BEIJING (Reuters) - Guo Qingshan delights in riding his 400,000 yuan (£45,350) Harley-Davidson motorbike around Beijing’s suburbs.
“I love the sound of the engine and the muscle of the motor. When I ride it, I feel free and proud,” the 32-year-old said.
However, Guo has his limits.
Deteriorating trade ties between the United States and China could mean American imports, including Harley-Davidson motorcycles, could be much more expensive in the future as the two countries trade tit-for-tat tax hikes on each other’s goods.
If prices rise, Guo said he wouldn't contemplate buying another Harley. (Click reut.rs/2vpq7JL to see a picture package of products that might be affected by raised tariffs on U.S. imports)
Since entering office, U.S. President Donald Trump has taken a hard line on trade. Last month, the world’s biggest economy said it would impose tariffs on steel and aluminium imports from most trading partners, including China.
In response, China slapped additional import taxes on 128 U.S. products, including frozen pork and wine. Soon after, it said it was considering additional duties on 106 U.S. imports, though it has not said when the new tariffs could kick in.
U.S. goods in the crossfire range from soybeans, cotton, autos and auto parts, to whiskey and particular varieties of wheat, with their value totalling $50 billion (£35.5 billion).
The tensions are already affecting consumers in China.
Zang Yi, owner of a Tesla car, said if the trade tensions resulted in pricier U.S. imports, she wouldn’t consider American brands when the time comes to buy a new car.
“With the tariff, I would have to pay tax of 100,000 yuan to 200,000 yuan if I were to buy a new Tesla,” she said.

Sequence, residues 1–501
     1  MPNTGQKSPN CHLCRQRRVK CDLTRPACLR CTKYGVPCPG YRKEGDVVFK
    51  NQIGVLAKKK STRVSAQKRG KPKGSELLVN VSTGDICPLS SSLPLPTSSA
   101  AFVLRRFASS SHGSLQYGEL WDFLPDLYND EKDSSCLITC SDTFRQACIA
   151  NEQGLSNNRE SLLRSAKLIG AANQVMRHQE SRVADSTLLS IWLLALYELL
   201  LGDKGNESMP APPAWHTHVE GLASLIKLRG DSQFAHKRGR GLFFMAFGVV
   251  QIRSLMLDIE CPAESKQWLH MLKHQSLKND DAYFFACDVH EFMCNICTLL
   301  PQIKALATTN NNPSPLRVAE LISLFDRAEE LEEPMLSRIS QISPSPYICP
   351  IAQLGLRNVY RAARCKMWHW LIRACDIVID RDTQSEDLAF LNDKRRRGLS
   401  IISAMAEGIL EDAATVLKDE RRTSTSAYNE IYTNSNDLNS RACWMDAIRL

Liu Anqi, 25, has just opened a bakery in Beijing with her friend. She also teaches customers how to make cakes with a brand of flour that uses only wheat from the United States and Canada.
“Flour is one of the most important ingredients in baking and its quality varies with different brands,” Liu said, adding that finding a new brand would be time-consuming and higher taxes on this wheat would force her to raise cake prices and tuition fees, which could turn customers away.
Not all business owners are concerned.
At Wolfgang’s, a high-end steak house in East Beijing’s Sanlitun district, head chef Liang Xin said U.S. beef has always been limited in China, so he doesn’t know how customers would react if the restaurant has to raise prices.
A 15-kg whole cut of beef from the United States is around 20 percent more expensive than its Australian counterpart, said Daniel Sui, deputy general manager at Wolfgang’s.
“Customers like U.S. beef because it tastes juicy and tender, but Wolfgang’s only sells around seven to eight pieces of U.S. imported beef steak each day,” Sui said.
“The limited supply is because the Chinese government bans feed additives and only 5 percent of U.S. beef is qualified for export.”
Liu Ming, a chef at a Sichuan restaurant in Beijing, said the oil that his restaurant uses is produced with soybeans imported from the United States, and the business won’t change the brand even if prices rise.
“We use this oil because it gives the food a bright colour and does not leave a strange smell or taste,” he said.
“We don’t know what will happen to our dishes if we change the oil.”
(This refiled version of the story fixes spelling of Guo in the fifth paragraph)
Reporting by Thomas Suen and Thomas Peter; Additional reporting by Joseph Campbell and Martin Pollard; Writing by Ryan Woo; Editing by Karishma Singh
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